his.sePublications
Change search
Link to record
Permanent link

Direct link
BETA
Publications (2 of 2) Show all publications
Kotta, J., Vanhatalo, J., Jänes, H., Orav-Kotta, H., Rugiu, L., Jormalainen, V., . . . Johannesson, K. (2019). Integrating experimental and distribution data to predict future species patterns. Scientific Reports, 9, Article ID 1821.
Open this publication in new window or tab >>Integrating experimental and distribution data to predict future species patterns
Show others...
2019 (English)In: Scientific Reports, ISSN 2045-2322, E-ISSN 2045-2322, Vol. 9, article id 1821Article in journal (Refereed) Published
Abstract [en]

Predictive species distribution models are mostly based on statistical dependence between environmental and distributional data and therefore may fail to account for physiological limits and biological interactions that are fundamental when modelling species distributions under future climate conditions. Here, we developed a state-of-the-art method integrating biological theory with survey and experimental data in a way that allows us to explicitly model both physical tolerance limits of species and inherent natural variability in regional conditions and thereby improve the reliability of species distribution predictions under future climate conditions. By using a macroalga-herbivore association (Fucus vesiculosus - Idotea balthica) as a case study, we illustrated how salinity reduction and temperature increase under future climate conditions may significantly reduce the occurrence and biomass of these important coastal species. Moreover, we showed that the reduction of herbivore occurrence is linked to reduction of their host macroalgae. Spatial predictive modelling and experimental biology have been traditionally seen as separate fields but stronger interlinkages between these disciplines can improve species distribution projections under climate change. Experiments enable qualitative prior knowledge to be defined and identify cause-effect relationships, and thereby better foresee alterations in ecosystem structure and functioning under future climate conditions that are not necessarily seen in projections based on non-causal statistical relationships alone.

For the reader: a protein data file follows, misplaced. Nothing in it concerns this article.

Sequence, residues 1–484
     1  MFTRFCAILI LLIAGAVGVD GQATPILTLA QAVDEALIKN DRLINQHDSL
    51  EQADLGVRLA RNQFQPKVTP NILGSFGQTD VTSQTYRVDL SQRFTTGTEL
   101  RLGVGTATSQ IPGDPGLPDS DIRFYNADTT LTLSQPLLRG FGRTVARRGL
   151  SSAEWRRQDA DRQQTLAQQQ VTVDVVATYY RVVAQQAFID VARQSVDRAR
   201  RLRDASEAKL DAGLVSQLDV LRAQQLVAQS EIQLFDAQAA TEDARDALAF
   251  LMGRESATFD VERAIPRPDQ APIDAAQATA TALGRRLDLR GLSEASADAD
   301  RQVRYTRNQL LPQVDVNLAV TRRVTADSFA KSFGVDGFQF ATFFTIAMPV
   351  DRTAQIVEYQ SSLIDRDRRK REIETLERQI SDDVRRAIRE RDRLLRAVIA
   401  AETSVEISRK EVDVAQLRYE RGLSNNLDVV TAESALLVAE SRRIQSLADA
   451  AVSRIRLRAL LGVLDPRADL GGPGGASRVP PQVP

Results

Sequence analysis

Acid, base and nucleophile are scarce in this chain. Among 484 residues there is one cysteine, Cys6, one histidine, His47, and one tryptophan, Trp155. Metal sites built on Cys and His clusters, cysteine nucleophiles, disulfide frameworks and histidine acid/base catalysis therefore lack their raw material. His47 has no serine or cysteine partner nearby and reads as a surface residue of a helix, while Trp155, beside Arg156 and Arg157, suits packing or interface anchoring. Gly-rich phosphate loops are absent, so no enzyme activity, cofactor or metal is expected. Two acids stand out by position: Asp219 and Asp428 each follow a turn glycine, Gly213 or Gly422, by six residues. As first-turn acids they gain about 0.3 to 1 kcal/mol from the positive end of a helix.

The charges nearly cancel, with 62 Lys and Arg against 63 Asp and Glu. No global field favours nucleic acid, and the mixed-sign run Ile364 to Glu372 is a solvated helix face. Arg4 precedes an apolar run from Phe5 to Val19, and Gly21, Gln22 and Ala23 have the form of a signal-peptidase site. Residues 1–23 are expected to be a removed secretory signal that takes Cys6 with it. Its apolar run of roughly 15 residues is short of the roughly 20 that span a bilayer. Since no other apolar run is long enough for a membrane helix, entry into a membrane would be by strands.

Place, publisher, year, edition, pages
Nature Publishing Group, 2019
National Category
Ecology
Research subject
Ecological Modelling Group
Identifiers
urn:nbn:se:his:diva-16667 (URN)10.1038/s41598-018-38416-3 (DOI)000458401500024 ()30755688 (PubMedID)2-s2.0-85061499547 (Scopus ID)
Available from: 2019-03-01 Created: 2019-03-01 Last updated: 2019-05-09Bibliographically approved
Leidenberger, S., Boström, S. & Wayland, M. T. (2019). Morphological observations on three Baltic species of Corynosoma Lühe, 1905 (Acanthocephala, Polymorphidae). European Journal of Taxonomy, 514, 1-19
Open this publication in new window or tab >>Morphological observations on three Baltic species of Corynosoma Lühe, 1905 (Acanthocephala, Polymorphidae)
2019 (English)In: European Journal of Taxonomy, ISSN 2118-9773, Vol. 514, p. 1-19Article in journal (Refereed) Published
Abstract [en]

Necropsies of Baltic grey (Halichoerus grypus) and ringed seals (Pusa hispida) presented a rare opportunity to study their acanthocephalan fauna. Both species hosted adults of three species of the genus Corynosoma Lithe, 1904, namely C. magdaleni Montreuil, 1958, C. semerme (Forsell, 1904) Lithe 1911 and C. strumosum (Rudolphi, 1802) Lithe 1904. A comparative morphological analysis of these three species of Corynosoma, combining both light and scanning electron microscopy, was performed for the first time. Sexual dimorphism in the size and shape of the trunk was observed in both C. magdaleni and C. semerme, but there was insufficient material to investigate this phenomenon in C. strumosum. Genital spines were not observed in any of the female acanthocephalans. Three possible explanations for the presence of genital spines in some females, but not others are (i) cryptic speciation, (ii) phenotypic variation and (iii) loss by extraction or shearing when the copulatory cap is released. Copulatory caps were observed on female C. semerme. The size and morphology showed considerable variability and all caps were strongly autofluoresecent.

Place, publisher, year, edition, pages
Museum Natl Histoire Naturelle, 2019
Keywords
Baltic Sea, grey seals, ringed seals, SEM, thorny-headed worms
National Category
Biological Systematics
Research subject
Ecological Modelling Group
Identifiers
urn:nbn:se:his:diva-16838 (URN)10.5852/ejt.2019.514 (DOI)000464156800001 ()2-s2.0-85065305678 (Scopus ID)
Available from: 2019-04-25 Created: 2019-04-25 Last updated: 2019-08-06
Organisations
Identifiers
ORCID iD: ORCID iD iconorcid.org/0000-0002-3985-8405

Search in DiVA

Show all publications